Prevented-Planting Changes

RMA Finalizes Policy Changes for 2021 Spring Crops, Expanding '1-in-4' Rule Nationally

Chris Clayton
By  Chris Clayton , DTN Ag Policy Editor
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USDA finalized some rule changes for prevented planting that will require acreage nationally to be planted and harvested at least once every four years to be eligible for coverage. The rule was already in place in the Prairie Pothole region. (DTN file photo)

OMAHA (DTN) -- USDA's Risk Management Agency has finalized a crop insurance change for spring-planted crops that will require farms nationally to meet the "1-in-4" planting requirement for acres to be eligible for prevented-planting coverage.

The change was among multiple policy tweaks that will go into effect for 2021 spring crops. The Risk Management Agency (RMA) is following up on several changes to crop insurance that had been proposed through a task force which met following the 2019 crop year, which saw nearly 20 million acres with prevented-planting claims. RMA had initially announced the rule differences in August, but the changes were finalized in a Federal Register posting on Nov. 30.

"These improvements are the result of feedback from producer groups and other stakeholders," said RMA Administrator Martin Barbre. "These changes will improve prevented-planting coverage and the beginning and veteran farmer and rancher program for years to come."

The "1-in-4" rule began in the Prairie Pothole region starting in the 2012 crop year. Under the provision, crop acreage must have been planted and harvested at least once in the last four years to be eligible for prevented-planting coverage. For spring crops, the rule will go into effect nationally for the 2021 crop year. The provision applies to physical acreage. The acreage must have been planted and harvested at least once from 2017 through 2020 crop years.

If acreage fails to meet the "1-in-4" rule, the ground must be planted, insured and harvested, or have an adjusted claim for loss after planting for two consecutive years before becoming eligible again for prevented-planting coverage.

For the 2020 crop year, USDA's Farm Service Agency reports 10.2 million acres prevented from planting, which included 3 million acres in North Dakota and 1.7 million acres in South Dakota, both of which are at the heart of the Prairie Pothole region. Outside of that region, Arkansas also had 1 million acres of prevented-planting acres. Louisiana, Mississippi, Missouri and Texas each reported at least 395,000 acres of prevented-planting acres as well.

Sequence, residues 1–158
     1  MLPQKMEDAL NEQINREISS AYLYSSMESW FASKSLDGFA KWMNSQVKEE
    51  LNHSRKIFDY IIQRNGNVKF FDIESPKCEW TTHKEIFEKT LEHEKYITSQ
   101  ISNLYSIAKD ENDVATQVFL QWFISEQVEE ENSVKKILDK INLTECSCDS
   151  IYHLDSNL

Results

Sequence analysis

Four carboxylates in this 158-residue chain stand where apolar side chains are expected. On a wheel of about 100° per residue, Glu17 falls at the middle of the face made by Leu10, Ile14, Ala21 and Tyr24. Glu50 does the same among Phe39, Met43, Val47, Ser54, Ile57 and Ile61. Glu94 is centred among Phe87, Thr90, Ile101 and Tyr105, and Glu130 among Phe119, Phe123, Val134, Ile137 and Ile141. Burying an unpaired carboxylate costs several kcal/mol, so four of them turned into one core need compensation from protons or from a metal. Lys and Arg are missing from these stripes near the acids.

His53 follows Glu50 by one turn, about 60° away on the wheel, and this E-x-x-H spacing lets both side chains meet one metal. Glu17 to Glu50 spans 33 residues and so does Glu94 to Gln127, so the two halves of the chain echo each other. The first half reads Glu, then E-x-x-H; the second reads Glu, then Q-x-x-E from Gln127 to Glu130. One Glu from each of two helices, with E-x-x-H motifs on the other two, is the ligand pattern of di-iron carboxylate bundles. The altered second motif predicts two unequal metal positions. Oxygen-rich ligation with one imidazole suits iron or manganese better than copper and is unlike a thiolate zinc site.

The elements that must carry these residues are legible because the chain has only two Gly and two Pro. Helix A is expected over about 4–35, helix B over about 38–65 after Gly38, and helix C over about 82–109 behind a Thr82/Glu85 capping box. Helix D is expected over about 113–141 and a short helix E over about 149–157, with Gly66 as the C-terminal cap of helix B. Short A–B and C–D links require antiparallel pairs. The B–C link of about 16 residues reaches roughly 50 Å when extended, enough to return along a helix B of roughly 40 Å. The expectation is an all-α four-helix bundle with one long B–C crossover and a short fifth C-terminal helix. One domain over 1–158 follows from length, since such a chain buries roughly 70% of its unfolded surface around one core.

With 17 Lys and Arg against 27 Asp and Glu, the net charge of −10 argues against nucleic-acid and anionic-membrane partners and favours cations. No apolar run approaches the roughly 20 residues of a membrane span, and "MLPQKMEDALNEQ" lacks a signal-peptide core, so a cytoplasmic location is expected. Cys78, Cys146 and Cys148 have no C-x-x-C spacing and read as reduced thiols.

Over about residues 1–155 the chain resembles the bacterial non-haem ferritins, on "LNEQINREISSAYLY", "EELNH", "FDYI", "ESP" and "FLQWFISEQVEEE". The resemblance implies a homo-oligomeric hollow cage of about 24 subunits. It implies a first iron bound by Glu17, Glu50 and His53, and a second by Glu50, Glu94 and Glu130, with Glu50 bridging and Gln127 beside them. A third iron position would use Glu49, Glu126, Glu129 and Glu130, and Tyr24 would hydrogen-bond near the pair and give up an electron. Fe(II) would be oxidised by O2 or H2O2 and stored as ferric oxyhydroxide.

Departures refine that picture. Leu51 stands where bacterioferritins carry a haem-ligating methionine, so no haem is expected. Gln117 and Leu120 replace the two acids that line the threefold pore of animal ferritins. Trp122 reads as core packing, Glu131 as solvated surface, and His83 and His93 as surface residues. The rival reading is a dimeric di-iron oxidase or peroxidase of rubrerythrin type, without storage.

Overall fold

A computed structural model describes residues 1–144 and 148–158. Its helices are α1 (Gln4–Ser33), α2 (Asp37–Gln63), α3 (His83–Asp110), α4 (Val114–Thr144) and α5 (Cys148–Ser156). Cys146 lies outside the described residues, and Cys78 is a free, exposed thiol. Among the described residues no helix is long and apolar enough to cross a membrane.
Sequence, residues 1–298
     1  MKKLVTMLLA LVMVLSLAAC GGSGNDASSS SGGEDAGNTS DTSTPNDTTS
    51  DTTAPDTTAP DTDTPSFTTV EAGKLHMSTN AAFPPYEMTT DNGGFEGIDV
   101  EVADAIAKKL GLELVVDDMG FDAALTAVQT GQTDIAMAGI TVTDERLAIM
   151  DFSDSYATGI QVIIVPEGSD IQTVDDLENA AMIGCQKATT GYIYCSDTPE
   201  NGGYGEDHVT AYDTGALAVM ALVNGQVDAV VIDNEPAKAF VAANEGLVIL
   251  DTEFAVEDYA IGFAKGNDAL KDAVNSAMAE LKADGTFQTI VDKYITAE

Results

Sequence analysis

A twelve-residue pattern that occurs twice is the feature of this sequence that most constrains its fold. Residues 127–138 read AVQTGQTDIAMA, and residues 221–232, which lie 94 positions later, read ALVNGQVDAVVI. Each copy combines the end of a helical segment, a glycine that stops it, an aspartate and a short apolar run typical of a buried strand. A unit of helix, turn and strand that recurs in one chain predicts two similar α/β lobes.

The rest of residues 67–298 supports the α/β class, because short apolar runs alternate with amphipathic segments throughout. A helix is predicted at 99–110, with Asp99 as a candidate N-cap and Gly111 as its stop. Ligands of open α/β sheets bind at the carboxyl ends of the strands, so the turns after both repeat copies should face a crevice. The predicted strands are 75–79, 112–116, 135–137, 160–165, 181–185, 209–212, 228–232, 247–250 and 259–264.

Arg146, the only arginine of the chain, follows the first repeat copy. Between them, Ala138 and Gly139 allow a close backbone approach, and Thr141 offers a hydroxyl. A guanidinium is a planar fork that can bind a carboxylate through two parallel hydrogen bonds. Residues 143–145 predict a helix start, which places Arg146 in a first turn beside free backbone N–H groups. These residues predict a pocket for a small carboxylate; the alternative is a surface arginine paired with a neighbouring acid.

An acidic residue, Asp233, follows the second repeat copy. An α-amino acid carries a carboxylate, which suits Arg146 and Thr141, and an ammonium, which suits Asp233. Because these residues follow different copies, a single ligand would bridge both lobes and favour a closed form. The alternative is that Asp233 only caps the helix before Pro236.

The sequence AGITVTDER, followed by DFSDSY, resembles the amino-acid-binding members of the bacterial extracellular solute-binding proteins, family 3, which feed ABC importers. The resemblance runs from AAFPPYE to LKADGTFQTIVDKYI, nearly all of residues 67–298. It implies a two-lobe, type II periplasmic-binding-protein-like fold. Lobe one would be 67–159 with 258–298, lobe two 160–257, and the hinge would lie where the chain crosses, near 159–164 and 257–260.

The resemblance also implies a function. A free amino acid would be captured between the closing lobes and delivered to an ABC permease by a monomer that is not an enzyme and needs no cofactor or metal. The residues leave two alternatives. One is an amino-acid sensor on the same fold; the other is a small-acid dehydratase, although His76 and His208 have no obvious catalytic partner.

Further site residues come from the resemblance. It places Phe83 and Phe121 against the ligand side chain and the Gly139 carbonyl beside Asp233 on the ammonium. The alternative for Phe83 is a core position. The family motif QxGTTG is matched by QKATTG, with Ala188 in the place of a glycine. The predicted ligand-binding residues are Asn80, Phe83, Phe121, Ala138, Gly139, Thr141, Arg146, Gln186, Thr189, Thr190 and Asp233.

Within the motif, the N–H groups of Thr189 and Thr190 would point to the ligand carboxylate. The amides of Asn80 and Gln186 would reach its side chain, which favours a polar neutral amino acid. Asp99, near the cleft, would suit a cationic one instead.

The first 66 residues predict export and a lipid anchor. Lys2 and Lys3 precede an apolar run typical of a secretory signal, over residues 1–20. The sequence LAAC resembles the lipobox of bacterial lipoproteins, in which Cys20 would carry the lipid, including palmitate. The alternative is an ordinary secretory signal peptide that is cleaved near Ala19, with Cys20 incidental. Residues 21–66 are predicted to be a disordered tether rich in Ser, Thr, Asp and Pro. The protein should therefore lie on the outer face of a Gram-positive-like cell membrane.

A separate rule change will solve a complication that came up for a small number of producers in 2019 regarding the way prevented-planting acres are counted when uninsured crops are planted. Effectively, prevented-planting acres would no longer be subtracted on a field when an insured crop fails in part of the field and is replanted with a different uninsured crop.

In a nuance to deal with crop rotation for a farmer in a new county, USDA will allow the use of intended acreage reports to establish eligible prevented-planting acres for the first two years, instead of only the first year, for farmers who are new to a county where they never produced a crop.

In another rule change, farmers will be able to receive a prevented-planting payment on different crops in a field if they can show they had intended to plant those acres to a different crop. For instance, a farmer could claim prevented acres for corn instead of soybeans, even though part of the field is planted to soybeans. To qualify, the unplanted section of the field must be at least 20 acres or 20% of the total acres in the field. A farmer would also have to provide proof to back the claim, such as seed receipts and fertilizer inputs to show the field was supposed to be planted to a certain crop.

Another insurance change will allow a beginning or veteran farmer with farming experience to use the Actual Production History (APH) yield on acreage of the previous producer on the ground. To receive that APH profile, the beginning or veteran farmer or rancher has to show they were previously involved in decision-making or physical work on the crop or livestock of any farm. This rule expands an APH profile that only gave the history to a beginning or veteran farmer who had been previously worked on that specific acreage.

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Chris Clayton